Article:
MORGANTOWN, W. Va. — We welcome you back to the WVU Coliseum, where the 12th-ranked West Virginia men’s basketball team welcomes TCU and former Pitt head coach Jamie Dixon in what is a surprisignly crucial Big 12 game.
We say surprisingly, because TCU (12-3, 3-0 Big 12) wasn’t expected to have this kind of start to the conference season. The Horned Frogs were picked last in the coaches’ preseason poll and they weren’t even that close to ninth-place Kansas State. TCU’s 11 points in the preseason poll was likely a last-place prediction from seven coaches and a ninth-place prediction from two others — Dixon was not permitted to vote for his own team.
Nevertheless, the Horned Frogs are off to an undefeated run in Big 12 play. We also can’t forget the last time TCU visited Morgantown, which was a triple-OT thriller and a 104-96 win by the Mountaineers (13-2, 2-1). Derek Culver had 22 points and 21 rebounds, which was the first 20-20 game for a WVU player since 1977. Jordan McCabe (25 points, 11 assists) was also pretty good that day.
Don’t remember? We have the highlights:
So much to get into today, so we’ll get right down to it with what you need to know:
TV: ESPNU (Comcast 174, 853 HD; DirecTV 208; DISH 141) for the 9 p.m. start. BETTING LINE: WVU is a 7.5-point favorite.
PROJECTED STARTING LINEUPS
F– Emmitt Matthews Jr., 6-7, 210 Soph. 7.9 ppg. F–Oscar Tshiebwe, 6-9, 258, Fr. 11.9 ppg. F–Derek Culver, 6-10, 255, Soph., 10.3 ppg. G–Jermaine Haley, 6-7, 215, Sr., 9.1 ppg. G–Jordan McCabe, 6-0, 188, Soph., 3.1 ppg.
C–Kevin Samuel, 6-11, 250 Soph., 10.8 ppg. G–Desmond Bane, 6-6, 215, Sr., 17.1 ppg. G–Edric Dennis, 6-3, 190, Sr., 8.0 ppg. G–Jaire Grayer, 6-5, 210, Sr., 7.9 ppg. G–R.J. Nembhard, 6-5, 195, Soph., 13.1 ppg.
YES, JAMIE DIXON USED TO BE AN ACTOR
There may be no coach more loved to be hated by WVU fans than Dixon, who is 14-11 all-time against WVU at both Pitt and TCU, including a 12-7 record as the rival coach of the Panthers.
THREE GOOD QUESTIONS
How good is the Miles McBride story right now? The WVU freshman is averaging 15.2 points per game over his last six games, but those points do not define who McBride is. Talk to him and you would swear he was the last guy off the bench every game, because he is a humble young man who really doesn’t care about his numbers and cares more about how the team is playing.
“I’ve been in big games before. High school and AAU got me prepared for this,” he said after going for a career-high 22 last week against Texas Tech. “It’s just something that happens. Maybe one day the ball won’t go in and then I’ll have to make the right passes. I’m just making shots right now and I’m going to ride it as long as I can.”
The other thing to consider from a historical perspective: Just how good of a freshman class is this for WVU? With McBride’s development and Oscar Tshiebwe averaging nearly a double-double, is this a better class than the 2008 class of Devin Ebanks, Truck Bryant and Kevin Jones? Maybe not at the moment, but that answer seems to be changing with each passing game.
Is WVU’s defense really as good as advertised? I really liked “Press” Virginia, because it created constant action throughout the game and you never really knew what to expect. The thing about the Mountaineers defense right now is they don’t need a fancy gimmick to pull off the numbers they have to this point.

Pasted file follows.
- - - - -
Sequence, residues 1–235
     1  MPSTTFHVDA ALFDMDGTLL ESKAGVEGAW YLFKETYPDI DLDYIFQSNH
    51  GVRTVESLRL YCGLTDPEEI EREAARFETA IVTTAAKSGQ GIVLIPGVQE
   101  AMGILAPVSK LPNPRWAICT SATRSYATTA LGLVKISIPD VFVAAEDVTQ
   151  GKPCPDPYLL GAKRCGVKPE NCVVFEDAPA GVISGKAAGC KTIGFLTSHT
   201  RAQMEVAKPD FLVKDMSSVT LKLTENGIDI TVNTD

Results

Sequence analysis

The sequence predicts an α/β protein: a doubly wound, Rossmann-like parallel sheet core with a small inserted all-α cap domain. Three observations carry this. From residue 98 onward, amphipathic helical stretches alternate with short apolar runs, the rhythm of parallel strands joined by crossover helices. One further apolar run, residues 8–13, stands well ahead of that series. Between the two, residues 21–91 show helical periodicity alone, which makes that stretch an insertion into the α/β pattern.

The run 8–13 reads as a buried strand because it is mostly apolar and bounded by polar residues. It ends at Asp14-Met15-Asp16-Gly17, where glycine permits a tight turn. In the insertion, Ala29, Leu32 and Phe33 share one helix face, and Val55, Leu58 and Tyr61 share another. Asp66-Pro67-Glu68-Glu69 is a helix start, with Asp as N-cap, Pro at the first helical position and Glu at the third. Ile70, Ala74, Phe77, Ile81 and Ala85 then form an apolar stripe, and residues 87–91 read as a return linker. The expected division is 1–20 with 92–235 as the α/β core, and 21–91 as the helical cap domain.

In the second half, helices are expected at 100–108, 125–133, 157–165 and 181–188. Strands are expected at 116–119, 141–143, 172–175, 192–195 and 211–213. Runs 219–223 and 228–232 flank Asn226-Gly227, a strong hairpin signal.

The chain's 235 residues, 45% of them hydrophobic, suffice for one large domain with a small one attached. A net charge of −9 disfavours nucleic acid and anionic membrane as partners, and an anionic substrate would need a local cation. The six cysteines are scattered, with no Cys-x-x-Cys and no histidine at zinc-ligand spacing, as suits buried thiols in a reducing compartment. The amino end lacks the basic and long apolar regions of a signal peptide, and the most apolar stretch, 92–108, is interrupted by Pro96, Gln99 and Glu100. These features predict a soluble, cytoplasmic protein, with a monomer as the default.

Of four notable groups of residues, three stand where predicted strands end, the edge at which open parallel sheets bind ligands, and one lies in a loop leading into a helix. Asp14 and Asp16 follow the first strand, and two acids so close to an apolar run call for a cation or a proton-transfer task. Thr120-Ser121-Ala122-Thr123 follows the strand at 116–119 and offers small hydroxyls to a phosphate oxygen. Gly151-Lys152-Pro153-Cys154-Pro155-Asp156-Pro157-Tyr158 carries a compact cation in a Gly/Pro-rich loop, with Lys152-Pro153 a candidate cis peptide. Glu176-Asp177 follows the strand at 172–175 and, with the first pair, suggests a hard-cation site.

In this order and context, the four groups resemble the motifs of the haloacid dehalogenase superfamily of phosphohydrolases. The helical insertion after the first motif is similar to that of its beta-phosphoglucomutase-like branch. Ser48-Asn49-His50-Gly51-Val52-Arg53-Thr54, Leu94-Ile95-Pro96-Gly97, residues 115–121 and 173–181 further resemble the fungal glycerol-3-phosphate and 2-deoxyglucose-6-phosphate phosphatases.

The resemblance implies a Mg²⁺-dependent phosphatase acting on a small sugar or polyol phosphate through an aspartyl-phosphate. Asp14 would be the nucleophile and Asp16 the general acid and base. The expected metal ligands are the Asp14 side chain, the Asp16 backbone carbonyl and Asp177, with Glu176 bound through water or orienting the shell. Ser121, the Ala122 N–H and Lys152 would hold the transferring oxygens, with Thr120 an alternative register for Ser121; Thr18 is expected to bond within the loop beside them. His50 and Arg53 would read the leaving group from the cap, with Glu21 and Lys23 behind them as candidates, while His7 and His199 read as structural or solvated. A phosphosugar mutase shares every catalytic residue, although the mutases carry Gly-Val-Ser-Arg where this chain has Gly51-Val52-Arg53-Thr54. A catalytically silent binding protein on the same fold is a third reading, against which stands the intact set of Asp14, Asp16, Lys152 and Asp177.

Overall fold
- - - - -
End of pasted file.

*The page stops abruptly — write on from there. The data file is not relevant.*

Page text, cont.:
WVU is second in the nation in 3-point defense, which is critical, because TCU enters the game as the Big 12’s top 3-point shooting team. WVU is also holding teams to just 35.1% shooting overall, which is third in the country.
A season ago, West Virginia was allowing just under 46% shooting from its opponents and it’s not like Bob Huggins went out and did a complete overhaul to the roster. True, some guys transferred or left school early to go pro, but four of the five starters are all returners, as are three key players off the bench in Logan Routt, Brandon Knapper and Chase Harler. This team has suddenly taken a liking to playing defense, which is the team’s identity so far.
Is Bob Huggins the Big 12’s Coach of the Year right now? Short answer: Yes. Long answer: Yeeeeeeeeees. Obviously, Baylor coach Scott Drew and Dixon are going to have something to say about this, but neither has gone from last place in the conference in 2019 to No. 12 in the country in 2020.
The right buttons have been pushed. The right recruits were brought in. Granted, the Mountaineers’ offense is not a thing of beauty at the moment and WVU turns the ball over way too much and can’t make free throws. All of that may catch up to WVU at some point and change this answer, but as of now, no one in the conference has done a better coaching job than Huggins.
Another point to make: WVU has gone on this run without any foreseeable top Big 12 award winners. Texas Tech’s Jahmi’us Ramsey is going to be the Freshman of the Year. Kansas’ Devon Dotson will likely be Player of the Year. Maybe McBride will be the Sixth Man Award winner. Maybe Culver will be the Defensive Player of the Year, but those aren’t solidified by any means.
As for Big 12 first-teamers, you can make a case for Culver and Tshiebwe, but you can also make a case for a few guys to edge them out, too. So, it’s not like Huggins has latched on to some superstar and rode them to the finish. He built a team instead.
The initial thought is the 7.5 points is a little low, but you also have to figure in that Dixon is one heck of a coach and the Horned Frogs have made a habit at keeping every game close this season. So, I’ll go against the initial thought and say WVU pulls out a win, but doesn’t cover the spread, 68-62.
Justin’s season predictions against the spread: 6-7.